• After 12 months, a further penalty of 10% will be added

As you can see, if you are late filing your company tax return and cannot pay your corporation tax on time, the penalties and interest can soon add up.

Self-assessment tax returns

Self-assessment tax returns are traditionally the domain of the self-employed. However, those with income/gains arising outside the UK may also need to submit a self-assessment tax return.

The deadline dates for self-employed self-assessment tax returns are as follows:-

Example: Tax year 6 April 2020 to 5 April 2021

  • One-time registration for self-assessment, 5 October 2021
  • Paper tax returns, midnight 31 October 2021
  • Online tax returns, midnight 31 January 2022
  • Payment of tax due, midnight 31 January 2022

HMRC will allow online tax return submissions until 28 February without incurring a late filing penalty. Those who “pay on account” will pay two tax instalments a year with a second deadline of 31 July.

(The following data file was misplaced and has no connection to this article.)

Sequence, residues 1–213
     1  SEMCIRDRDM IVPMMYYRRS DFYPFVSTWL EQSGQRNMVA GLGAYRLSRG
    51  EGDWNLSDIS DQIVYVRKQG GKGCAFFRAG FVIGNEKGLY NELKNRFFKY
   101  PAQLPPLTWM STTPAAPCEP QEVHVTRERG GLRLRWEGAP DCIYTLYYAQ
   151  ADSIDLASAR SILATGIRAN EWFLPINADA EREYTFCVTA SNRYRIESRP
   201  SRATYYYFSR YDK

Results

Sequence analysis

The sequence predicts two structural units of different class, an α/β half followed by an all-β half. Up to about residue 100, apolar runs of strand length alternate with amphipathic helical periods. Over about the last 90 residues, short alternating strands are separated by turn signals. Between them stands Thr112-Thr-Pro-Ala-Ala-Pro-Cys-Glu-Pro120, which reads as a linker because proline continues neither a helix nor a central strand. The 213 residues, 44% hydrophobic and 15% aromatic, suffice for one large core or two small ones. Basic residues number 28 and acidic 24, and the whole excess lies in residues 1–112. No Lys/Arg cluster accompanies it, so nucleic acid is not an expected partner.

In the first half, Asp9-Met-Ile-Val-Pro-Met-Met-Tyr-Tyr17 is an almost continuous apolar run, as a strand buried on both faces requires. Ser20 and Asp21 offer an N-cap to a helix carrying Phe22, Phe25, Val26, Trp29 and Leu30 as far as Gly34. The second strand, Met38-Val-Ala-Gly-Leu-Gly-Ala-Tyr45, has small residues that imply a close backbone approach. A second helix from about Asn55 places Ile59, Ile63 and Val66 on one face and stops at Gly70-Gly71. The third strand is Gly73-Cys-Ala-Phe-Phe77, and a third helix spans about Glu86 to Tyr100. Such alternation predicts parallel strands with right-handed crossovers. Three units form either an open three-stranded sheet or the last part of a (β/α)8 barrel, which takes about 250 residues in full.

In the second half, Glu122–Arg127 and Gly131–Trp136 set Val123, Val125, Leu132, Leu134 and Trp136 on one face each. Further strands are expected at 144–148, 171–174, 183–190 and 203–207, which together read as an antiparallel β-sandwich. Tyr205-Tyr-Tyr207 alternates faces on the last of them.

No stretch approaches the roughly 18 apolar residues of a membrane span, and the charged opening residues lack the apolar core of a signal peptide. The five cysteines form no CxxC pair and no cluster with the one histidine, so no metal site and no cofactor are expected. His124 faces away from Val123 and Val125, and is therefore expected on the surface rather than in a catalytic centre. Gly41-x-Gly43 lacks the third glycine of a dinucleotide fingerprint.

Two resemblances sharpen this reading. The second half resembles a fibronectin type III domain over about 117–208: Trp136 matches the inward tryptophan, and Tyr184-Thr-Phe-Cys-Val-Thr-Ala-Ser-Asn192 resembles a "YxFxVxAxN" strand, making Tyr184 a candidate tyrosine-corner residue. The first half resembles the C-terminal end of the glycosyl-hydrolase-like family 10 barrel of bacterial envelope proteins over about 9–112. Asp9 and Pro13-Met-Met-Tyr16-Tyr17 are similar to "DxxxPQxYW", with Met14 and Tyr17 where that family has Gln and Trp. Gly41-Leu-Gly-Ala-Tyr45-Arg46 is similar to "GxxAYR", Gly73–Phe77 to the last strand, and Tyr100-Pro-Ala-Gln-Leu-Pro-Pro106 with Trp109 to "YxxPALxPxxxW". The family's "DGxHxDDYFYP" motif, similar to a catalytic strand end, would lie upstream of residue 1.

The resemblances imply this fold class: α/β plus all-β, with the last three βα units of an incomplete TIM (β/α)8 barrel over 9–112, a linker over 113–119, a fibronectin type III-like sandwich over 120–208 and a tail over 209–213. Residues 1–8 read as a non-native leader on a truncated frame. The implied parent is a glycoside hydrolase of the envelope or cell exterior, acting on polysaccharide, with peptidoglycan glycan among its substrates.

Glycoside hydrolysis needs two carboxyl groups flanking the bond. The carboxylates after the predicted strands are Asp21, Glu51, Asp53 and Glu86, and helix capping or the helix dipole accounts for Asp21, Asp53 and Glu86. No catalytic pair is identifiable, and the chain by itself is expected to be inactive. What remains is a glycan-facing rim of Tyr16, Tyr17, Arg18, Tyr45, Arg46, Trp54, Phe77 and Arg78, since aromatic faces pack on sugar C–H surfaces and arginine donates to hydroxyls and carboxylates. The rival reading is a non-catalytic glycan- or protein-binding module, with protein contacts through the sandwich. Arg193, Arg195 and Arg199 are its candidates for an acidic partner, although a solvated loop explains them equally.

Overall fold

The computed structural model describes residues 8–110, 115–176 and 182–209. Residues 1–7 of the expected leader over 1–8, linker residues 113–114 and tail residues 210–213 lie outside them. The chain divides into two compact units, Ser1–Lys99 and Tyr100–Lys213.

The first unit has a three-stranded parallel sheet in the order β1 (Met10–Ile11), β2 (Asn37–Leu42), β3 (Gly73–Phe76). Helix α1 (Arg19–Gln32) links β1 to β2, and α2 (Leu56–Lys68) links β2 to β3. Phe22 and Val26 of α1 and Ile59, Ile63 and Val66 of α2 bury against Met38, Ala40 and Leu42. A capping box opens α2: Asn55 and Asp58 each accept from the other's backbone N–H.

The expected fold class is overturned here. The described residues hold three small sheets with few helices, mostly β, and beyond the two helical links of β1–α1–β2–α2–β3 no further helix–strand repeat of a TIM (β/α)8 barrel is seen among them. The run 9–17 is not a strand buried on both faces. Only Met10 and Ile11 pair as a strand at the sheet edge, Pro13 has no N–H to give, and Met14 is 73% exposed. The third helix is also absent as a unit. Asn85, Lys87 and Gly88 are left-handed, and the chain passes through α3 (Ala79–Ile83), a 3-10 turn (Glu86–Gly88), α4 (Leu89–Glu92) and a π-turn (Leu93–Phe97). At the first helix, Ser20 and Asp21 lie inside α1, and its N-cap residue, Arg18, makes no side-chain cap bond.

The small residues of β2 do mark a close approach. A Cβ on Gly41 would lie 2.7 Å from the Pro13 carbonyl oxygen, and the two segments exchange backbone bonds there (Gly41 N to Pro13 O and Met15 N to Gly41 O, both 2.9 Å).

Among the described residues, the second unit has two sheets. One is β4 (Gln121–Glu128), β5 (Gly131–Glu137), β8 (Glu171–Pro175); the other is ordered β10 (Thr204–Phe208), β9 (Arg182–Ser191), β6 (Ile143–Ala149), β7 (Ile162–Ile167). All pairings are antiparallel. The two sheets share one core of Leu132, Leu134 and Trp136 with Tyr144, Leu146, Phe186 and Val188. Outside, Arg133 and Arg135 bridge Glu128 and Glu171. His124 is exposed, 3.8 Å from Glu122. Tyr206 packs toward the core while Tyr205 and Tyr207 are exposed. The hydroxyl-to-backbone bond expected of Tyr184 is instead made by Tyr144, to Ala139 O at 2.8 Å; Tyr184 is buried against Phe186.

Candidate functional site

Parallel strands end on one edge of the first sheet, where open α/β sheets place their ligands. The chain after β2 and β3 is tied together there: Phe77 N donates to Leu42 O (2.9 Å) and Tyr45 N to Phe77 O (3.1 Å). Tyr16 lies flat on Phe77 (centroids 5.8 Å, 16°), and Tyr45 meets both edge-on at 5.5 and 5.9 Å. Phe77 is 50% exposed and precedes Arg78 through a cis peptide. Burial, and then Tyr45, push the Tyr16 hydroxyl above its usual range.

Penalties for late filing of self-assessment returns

The standard late filing penalty is £100 if your tax return is up to 3 months late. If you fail to file your return within three months, additional charges will be added to your account. Interest will be also charged on outstanding tax at the prevailing rate.


The filing deadlines and penalty structures for company, corporation and self-assessment returns are relatively straightforward. In extenuating circumstances, you may be able to apply for an extension, but these scenarios are few and far between. If you receive a penalty that you believe is unfair, you will have the right to appeal.

While penalising those struggling with filing deadlines and payment of tax may seem a little unfair, this encourages forward-thinking and preparation. It is essential that, where possible, your filings and payments are made within the deadlines. Those who repeatedly miss deadlines will face increased charges.



Chris Wilkins FCCA is a Chartered Certified Accountant, Registered Auditor and the managing partner of Wilkins Southworth based in Barnes, South West London